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Powering Through JSOM as a Working Student Part I

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During the spring semester of 2017, I entered into graduate school to pursue an MS in Marketing and an MS in Innovation and Entrepreneurship. I had taken a one-year break after earning my bachelor’s degree at UT Dallas in order to get work experience in “the real world.” I came back in order to take full advantage of my fast-track courses, and I came back as a working student. It was one of the most challenging semesters of my college career as I adjusted to taking on a full-time course load while working 30+ hours per week.

Whether you are new to being a working student or have been doing it for quite some time now, keep reading to discover helpful tips on how you can make the most of your time in graduate school.

At the end of my first semester of grad school, I reflected on what helped me manage my time well. Here are some tips based on my experience:

1. Know your end goal. What do you want out of graduate school and working? Do you want to land your dream job? What skill sets do you need to learn? What does your dream job require? Align these with what classes you want to take. Write down your goals for each semester. Every month or so, reflect on what you accomplished and what you didn’t scratch off the list. How can you improve next month?

2. Know your schedule. I kept two planners: my Life Planner to keep track of life events and hangout dates outside school and a School Planner to keep track of test dates, homework due dates, project deadlines and group meetings. I wrote out all of my school deadlines at the beginning of the semester so that whenever someone invited me to do something, all I had to do was check my School Planner to see if I had any deadlines coming up that I needed to work on that weekend. With this system, I managed to complete my first semester with all A’s.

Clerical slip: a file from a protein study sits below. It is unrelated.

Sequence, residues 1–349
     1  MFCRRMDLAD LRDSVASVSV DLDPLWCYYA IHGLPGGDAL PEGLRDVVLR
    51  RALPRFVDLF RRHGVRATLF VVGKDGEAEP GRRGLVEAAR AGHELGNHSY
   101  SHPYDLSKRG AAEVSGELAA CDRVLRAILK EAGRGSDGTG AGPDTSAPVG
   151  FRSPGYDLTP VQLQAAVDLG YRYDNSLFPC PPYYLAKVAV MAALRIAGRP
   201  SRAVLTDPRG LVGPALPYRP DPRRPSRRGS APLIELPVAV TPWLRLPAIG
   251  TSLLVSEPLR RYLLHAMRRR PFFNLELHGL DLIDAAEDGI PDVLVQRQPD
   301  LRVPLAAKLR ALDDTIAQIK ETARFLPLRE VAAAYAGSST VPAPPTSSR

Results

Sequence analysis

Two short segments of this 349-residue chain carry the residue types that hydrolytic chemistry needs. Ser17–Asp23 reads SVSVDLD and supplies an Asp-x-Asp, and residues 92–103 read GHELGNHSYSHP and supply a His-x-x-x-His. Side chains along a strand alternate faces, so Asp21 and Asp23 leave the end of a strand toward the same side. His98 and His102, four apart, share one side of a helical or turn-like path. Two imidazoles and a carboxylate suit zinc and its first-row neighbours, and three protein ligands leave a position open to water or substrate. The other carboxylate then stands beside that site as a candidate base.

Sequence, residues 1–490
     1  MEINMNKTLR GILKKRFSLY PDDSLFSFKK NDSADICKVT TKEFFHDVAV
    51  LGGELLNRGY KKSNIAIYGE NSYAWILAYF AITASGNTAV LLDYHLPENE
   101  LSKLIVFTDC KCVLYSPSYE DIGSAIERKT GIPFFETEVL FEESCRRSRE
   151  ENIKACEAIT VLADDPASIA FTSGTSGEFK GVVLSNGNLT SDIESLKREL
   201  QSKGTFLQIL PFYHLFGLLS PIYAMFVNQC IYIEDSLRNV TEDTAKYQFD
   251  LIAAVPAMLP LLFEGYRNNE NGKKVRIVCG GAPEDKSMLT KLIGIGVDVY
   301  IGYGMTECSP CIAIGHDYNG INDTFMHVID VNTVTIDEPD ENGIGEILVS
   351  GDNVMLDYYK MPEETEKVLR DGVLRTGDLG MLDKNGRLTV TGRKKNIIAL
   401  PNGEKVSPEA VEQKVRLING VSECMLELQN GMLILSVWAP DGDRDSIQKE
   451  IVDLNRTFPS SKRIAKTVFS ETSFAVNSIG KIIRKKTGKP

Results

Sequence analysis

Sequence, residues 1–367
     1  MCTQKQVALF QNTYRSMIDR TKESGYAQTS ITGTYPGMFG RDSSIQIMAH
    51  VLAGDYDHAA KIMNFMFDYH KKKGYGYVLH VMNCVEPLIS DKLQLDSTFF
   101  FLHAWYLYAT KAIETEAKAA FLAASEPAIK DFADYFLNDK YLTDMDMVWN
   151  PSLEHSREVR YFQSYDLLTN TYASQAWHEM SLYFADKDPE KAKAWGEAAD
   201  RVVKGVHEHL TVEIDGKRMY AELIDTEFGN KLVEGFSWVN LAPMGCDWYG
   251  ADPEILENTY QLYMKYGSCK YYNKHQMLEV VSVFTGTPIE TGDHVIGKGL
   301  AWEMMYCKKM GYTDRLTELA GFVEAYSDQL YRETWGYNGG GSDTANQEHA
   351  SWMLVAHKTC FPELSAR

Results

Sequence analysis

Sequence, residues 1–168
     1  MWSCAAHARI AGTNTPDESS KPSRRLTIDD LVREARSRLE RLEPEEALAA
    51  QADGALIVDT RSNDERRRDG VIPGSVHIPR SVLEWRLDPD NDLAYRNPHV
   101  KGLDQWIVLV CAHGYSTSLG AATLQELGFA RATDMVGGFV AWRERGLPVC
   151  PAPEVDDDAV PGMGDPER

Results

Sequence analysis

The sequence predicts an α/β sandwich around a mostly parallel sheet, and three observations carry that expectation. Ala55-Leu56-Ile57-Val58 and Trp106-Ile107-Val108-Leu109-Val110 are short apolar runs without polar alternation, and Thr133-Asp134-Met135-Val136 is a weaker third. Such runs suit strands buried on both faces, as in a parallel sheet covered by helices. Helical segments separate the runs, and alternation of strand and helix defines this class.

3. Remind yourself of the opportunity. After getting off work at 5 p.m., I had to go straight to school, eat dinner, then attend my night class from 7 to 9:45 p.m. When I got home that night, sometimes I had to study some more. It was so easy to feel sorry for myself for having so much to do; but we shouldn’t allow ourselves to think this way. I had to remind myself that graduate school is a lifetime opportunity that not everybody gets the chance to do. Having a job is also a blessing and an opportunity. I get to have a source of income, I get to apply what I learn from class.

4. Take it one day at a time. This is something I learned at the end of the semester. I always worried about “what I had to do tomorrow.” I was stressed ahead of time. How am I going to possibly do all of this? Next semester, I will do my best to just take it one day at time. I should only focus on the tasks I have to do that day and enjoy the learning process.

5. Focus on learning. Before starting graduate school, after gaining one-year’s worth of work experience, I decided that I didn’t want to focus so much on what grades I made, but instead focus on what I could learn. I tried my best not to put things off until the last minute or study for a test last minute so that I could actually remember what I learned. At the end of the semester, after the grades were turned in, I visited my Product Development professor to get feedback on our final project.

6. Conquer the adjustment period. I realized that the first semester of working while studying will be the hardest because it is the adjustment period. I started slow by taking three classes (9 credit hours) while working 30 to 33 hours per week. I was very overwhelmed at times, but I know that it will only get easier from here. 

MaJennine Maninang

MaJennine Maninang graduated with a B.S. in Business Administration in December of 2015 with Magna Cum Laude honors. She is now pursuing her MS Marketing and MS Innovation & Entrepreneurship degrees at the Naveen Jindal School of Management while working as a Marketing Coordinator at a brokerage firm. In her spare time, you can find her reading at Barnes & Noble or studying at a chic café. Read more articles

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